Mr. Trump has been signing orders of the executive type since his first day in office. Many of the orders he signed are reversing the plans of the last administration. For example, he has reverse the T.P.P (Trans Pacific Partnership) that expanded free trade into East Asian nations like Japan and China. China has already shown signs that it does not want to start trade wars with the U.S., especially with major U.S. companies like Wal-Mart producing products within the free market zones. China has interest in other parts of the world through expansion programs in African nations and fellow East/ Pacific Asian countries. The Chinese do not want to start tariff battles with the strong American monopoly on trade and currency over the globe. So there really is no reason why China would be too upset over losing a trade deal, even if we do owe them a couple of dollars.
President Trump has also took aim at NAFTA (North American Free Trade Agreement). NAFTA includes the United States, Mexico and Canada. The deal currently allows free trade between the three European founded nations. Many of America’s manufacturers (think Ford) have benefited from moving their factories across the border. They have enjoyed low wages accepted by Mexican citizens, along with access to raw materials found south of the Mexican borders. Trump made this deal seem bad for American workers. However, he really just wants to expand the deal to include Great Britain. Then again, with the Mexican president snuffing him on a visit to Washington the Mexican leader just may fall off the wagon. This may prove to be upsetting if China swoops in, like it’s doing the Philippines, and makes deals with Mexico expanding influence closer to the American border.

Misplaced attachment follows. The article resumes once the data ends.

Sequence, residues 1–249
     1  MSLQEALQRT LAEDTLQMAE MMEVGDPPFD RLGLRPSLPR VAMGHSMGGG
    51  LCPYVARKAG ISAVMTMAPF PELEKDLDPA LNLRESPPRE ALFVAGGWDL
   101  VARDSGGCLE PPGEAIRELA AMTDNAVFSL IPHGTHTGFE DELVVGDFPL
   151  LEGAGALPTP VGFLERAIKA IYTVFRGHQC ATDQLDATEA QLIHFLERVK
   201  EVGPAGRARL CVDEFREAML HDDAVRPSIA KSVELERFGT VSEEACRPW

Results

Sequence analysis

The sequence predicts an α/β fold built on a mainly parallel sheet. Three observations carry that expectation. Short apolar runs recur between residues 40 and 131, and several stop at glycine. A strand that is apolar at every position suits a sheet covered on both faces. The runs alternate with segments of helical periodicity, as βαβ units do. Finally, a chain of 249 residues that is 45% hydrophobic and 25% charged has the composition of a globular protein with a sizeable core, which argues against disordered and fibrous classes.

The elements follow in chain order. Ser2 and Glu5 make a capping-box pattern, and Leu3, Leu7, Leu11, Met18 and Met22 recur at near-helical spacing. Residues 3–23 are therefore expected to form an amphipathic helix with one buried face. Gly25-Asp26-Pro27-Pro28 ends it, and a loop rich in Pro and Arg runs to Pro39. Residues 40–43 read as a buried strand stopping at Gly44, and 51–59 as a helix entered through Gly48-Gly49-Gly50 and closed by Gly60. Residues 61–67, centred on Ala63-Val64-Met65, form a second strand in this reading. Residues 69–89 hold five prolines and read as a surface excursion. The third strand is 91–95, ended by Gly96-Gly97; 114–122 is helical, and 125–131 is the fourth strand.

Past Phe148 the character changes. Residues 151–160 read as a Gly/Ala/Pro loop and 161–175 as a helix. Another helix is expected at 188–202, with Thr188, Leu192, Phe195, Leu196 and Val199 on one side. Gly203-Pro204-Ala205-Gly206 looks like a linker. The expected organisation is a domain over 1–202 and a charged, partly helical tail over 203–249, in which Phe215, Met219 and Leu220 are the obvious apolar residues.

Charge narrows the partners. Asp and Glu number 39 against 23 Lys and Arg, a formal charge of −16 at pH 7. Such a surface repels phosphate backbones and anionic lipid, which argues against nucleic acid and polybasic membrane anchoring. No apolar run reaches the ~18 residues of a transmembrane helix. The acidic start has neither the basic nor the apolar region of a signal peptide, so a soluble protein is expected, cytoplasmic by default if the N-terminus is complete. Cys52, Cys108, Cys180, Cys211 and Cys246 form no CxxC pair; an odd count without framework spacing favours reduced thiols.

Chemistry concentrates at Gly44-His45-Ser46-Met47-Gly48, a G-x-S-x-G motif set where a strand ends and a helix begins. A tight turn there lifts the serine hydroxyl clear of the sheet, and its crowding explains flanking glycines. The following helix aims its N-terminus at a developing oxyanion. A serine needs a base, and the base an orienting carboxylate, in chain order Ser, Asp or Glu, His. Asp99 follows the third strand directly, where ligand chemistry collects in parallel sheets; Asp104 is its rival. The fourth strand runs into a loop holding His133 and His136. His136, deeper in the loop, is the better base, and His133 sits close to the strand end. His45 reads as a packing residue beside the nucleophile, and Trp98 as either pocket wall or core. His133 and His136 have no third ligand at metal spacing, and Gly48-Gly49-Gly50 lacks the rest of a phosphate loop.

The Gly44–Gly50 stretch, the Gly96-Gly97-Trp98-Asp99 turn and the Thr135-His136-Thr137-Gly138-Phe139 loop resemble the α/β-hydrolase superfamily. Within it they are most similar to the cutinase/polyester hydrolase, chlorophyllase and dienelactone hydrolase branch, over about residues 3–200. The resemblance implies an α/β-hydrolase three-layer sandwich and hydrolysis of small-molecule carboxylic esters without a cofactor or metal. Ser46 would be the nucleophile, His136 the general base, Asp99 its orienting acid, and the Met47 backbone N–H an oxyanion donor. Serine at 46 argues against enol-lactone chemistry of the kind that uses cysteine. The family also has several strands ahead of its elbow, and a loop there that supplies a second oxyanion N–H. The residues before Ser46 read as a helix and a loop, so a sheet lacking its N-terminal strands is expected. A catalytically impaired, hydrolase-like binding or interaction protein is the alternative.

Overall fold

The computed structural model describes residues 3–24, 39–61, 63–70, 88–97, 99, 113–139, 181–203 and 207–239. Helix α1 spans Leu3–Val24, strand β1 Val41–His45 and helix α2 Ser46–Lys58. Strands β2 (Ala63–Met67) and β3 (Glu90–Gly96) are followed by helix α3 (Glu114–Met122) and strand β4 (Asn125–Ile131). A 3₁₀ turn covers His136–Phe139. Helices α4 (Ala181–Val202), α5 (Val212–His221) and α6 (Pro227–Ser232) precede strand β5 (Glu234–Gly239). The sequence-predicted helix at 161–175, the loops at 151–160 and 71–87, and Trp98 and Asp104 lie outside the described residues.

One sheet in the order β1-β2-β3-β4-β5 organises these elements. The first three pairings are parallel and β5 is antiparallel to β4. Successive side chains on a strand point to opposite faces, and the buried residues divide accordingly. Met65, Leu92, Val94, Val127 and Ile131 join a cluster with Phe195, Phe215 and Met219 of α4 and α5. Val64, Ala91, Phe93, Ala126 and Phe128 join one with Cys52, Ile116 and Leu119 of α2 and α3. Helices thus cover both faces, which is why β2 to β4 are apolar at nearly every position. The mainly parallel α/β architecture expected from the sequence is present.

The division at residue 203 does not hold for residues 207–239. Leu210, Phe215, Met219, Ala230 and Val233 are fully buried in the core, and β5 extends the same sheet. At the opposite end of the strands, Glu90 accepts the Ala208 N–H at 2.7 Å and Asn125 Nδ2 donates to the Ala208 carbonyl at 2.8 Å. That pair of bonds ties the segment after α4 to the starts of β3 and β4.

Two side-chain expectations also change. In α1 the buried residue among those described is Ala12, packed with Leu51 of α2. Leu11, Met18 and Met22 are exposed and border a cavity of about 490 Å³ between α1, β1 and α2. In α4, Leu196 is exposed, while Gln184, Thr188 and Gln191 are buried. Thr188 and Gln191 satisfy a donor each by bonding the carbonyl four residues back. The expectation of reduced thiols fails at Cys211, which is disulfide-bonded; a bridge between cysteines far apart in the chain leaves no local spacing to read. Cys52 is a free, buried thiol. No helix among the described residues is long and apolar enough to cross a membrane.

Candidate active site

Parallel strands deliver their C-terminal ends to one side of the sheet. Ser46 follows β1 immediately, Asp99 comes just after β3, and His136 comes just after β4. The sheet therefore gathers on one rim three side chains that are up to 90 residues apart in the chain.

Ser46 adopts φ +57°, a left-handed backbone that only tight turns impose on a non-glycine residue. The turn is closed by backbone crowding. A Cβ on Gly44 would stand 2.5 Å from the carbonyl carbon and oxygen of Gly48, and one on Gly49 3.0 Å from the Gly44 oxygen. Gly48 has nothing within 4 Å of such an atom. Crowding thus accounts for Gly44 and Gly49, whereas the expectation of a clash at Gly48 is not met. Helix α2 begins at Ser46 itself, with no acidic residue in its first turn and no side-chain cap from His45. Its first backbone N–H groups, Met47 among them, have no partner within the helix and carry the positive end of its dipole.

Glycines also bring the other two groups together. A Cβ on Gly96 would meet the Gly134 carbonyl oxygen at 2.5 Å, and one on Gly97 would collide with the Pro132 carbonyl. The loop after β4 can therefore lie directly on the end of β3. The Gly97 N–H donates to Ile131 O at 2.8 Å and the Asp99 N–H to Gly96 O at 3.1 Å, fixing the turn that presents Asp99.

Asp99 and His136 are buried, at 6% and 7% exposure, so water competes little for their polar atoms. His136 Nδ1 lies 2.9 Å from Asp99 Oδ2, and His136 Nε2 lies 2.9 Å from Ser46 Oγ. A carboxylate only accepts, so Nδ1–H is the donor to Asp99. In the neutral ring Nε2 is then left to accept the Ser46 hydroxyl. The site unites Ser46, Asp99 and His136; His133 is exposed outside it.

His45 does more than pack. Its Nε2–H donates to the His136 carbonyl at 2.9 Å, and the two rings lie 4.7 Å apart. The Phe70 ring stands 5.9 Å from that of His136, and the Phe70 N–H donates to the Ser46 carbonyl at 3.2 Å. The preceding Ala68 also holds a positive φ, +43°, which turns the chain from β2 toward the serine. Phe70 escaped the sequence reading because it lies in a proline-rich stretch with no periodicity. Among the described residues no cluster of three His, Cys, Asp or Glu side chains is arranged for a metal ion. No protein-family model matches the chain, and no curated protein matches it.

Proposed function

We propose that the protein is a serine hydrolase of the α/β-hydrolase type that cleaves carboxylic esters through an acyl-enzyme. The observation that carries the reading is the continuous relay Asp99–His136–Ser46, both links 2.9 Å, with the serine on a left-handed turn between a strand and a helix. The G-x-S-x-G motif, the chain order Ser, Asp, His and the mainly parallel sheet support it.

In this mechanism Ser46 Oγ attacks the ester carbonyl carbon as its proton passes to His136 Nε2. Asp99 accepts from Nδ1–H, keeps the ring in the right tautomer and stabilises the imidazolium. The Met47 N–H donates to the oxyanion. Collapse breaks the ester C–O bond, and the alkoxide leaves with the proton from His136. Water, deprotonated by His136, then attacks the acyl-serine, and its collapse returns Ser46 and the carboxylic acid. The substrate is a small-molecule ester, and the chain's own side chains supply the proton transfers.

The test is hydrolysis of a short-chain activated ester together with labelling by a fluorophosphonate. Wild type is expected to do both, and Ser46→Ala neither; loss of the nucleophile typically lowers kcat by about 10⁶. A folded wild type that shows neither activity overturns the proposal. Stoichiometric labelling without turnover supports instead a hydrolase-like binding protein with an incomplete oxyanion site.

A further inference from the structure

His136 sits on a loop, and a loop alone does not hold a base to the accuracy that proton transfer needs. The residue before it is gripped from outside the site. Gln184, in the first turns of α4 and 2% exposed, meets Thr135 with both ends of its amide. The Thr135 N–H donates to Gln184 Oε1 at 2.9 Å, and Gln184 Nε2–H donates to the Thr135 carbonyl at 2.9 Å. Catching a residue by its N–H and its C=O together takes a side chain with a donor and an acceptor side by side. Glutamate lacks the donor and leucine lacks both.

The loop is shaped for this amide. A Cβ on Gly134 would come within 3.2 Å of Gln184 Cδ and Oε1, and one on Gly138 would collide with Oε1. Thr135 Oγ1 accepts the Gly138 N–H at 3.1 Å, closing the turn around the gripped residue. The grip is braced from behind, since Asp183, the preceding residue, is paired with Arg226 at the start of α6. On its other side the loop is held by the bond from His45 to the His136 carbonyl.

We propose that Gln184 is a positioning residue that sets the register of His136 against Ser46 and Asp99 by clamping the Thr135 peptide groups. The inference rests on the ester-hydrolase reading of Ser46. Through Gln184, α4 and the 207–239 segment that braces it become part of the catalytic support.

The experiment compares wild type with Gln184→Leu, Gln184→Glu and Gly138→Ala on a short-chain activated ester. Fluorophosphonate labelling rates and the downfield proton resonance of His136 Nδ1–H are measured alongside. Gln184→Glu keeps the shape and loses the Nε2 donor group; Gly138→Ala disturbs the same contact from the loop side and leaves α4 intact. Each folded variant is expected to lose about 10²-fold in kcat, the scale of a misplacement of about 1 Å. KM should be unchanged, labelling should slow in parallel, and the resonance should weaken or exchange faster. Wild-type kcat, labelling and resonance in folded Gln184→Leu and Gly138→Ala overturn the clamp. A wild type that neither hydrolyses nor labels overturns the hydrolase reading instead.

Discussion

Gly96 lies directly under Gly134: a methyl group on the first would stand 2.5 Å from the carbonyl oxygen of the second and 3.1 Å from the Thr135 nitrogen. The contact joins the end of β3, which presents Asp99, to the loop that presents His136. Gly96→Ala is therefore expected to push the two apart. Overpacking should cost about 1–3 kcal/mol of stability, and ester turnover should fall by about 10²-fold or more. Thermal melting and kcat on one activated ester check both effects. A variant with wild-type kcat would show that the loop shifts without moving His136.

Honestly though, who needs Mexico? Yeah it’s access to cheap labor and raw materials, but what ever. Three of the world’s most advanced nations will be in a free trade agreement. The U.S. alone stands with a GDP of $17 trillion, while the U.K. (GDP $2.8 trillion) and Canada (GDP $1.5 trillion) make up more than enough to be considered economic ball players in the global economy. The North Atlantic Union (as it could be called) will hold The U.S., Canada , and the U.K. becoming its own European(ish) Union. What will we call our selves? The U.K. and her successors will be a formidable alliance in the economic sphere of influence across the globe. Americans will likely prosper from the free trade agreement. Yeah, some goods will be over priced (made in China and Mexico) but the good out ways the bad. Just think about the possibilities of a free trade agreement that mimics the power of the empire that the Sun never set on.